International Paper employs 66,500 employees and of those employees, 47,100 are located in the United States. International Paper is ranked 93rd among Fortune 500 companies and No. 1 in the forest products sector for the Most Admired Company. The stock is traded internationally on the New York, Swiss and Amsterdam exchanges.
The customers of International Paper are distributors and chain and restaurant stores. International Paper produces bags, corrugated board and boxes. The Charlotte location produces bags. This will be the topic of this paper.
International Paper’s has a long-standing policy of using no wood from endangered forests. They are also committed to environment protection and have partnered with the U.S. Environmental Protection Agency, State agencies and non- governmental organizations to ensure the protection of endangered species and forests.
The vision of IP (International Paper) is to “be one and most respected companies in the world-as measured by our employees, our customers, our communities and our shareowners” (http://www.internationalpaper.com/Our%20Company/About). Their mission is based on why they exist, what they do and how they do it. IP upholds these by being dedicated to making people’s lives better. The employees use renewable resources. The customers succeed because of their innovative products and services. The communities welcome them because of their philosophies to protect the environment and still provide good products. The shareholders benefit from the superior financial performance. This is all done because International keeps their promises that deliver results.
The Charlotte bag plant has not been able to accomplish most external and internal goals with the exception of some plant operations. Externally, they are being competitively beaten to the point where they are unable to produce a profit in the current market. Internally, the company is relatively new, 18 months on the East coast and is trying to slim operations to be competitive on the outside. The issue is the sales personnel are giving extreme pricing and rebates to remain competitive with a long-standing company who’s under-pricing is working at the moment. International Paper has been dominant on the West coast as well as in the Central part of the United States and is trying to establish a presence in the Southeastern part now.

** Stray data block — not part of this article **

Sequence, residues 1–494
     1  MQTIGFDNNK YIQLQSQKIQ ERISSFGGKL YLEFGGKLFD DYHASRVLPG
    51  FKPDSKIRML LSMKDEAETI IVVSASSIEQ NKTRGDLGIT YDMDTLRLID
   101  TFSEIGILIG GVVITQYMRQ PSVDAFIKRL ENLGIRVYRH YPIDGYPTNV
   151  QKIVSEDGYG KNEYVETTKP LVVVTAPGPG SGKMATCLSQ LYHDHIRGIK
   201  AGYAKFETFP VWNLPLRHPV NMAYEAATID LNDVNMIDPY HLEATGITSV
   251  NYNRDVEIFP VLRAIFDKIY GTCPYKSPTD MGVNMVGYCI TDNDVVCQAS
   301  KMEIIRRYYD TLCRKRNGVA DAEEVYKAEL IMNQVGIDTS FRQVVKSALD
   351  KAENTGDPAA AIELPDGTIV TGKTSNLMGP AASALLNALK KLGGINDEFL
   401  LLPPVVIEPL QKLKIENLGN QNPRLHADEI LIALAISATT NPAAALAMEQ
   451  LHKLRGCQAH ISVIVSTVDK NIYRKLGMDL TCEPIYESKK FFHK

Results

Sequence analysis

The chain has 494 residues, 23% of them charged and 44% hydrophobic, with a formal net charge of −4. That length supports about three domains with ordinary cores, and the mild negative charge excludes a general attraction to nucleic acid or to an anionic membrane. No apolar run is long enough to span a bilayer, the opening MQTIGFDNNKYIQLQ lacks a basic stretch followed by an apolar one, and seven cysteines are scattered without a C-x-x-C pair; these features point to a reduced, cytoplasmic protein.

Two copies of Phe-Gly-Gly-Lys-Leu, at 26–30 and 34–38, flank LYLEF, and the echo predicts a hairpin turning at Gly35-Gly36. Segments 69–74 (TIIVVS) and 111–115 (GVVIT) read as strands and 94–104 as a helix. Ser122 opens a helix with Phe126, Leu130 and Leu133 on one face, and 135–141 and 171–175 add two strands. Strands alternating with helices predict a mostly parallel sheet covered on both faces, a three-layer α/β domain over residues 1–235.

Operations have made improvement to help the overhead and the bottom line. Machine target rates have been over achieved. Waste has been practically eliminated. Two new supervisors have been brought in to help with training issues to ensure quality is top priority so re-work has been decreased by 80%. Shipments are at a 99.8% arrival rate with no shortages. The only two issues the operational overhead has had are buying roll stock and freight cost incurred. Roll shock prices have increased 20% and freight has gone up 38%. This has off set the savings described above.
Even with the improvements made these aren’t in line with the other plants. Machine speeds, roll stock costs and overhead determine costing which in turn is higher than what is being charged by our other plants and our competitors. We are selling our products below what we can produce them for. Our average ROS (return of sale) is -39.10% with the largest being –106.08% for Winn Dixie. This is also due to the credit terms and the amount of rebate we are given our customers. We only make a positive net profit on 2 customers, Corporate Express and I-Supply. This is because we give no rebates to them.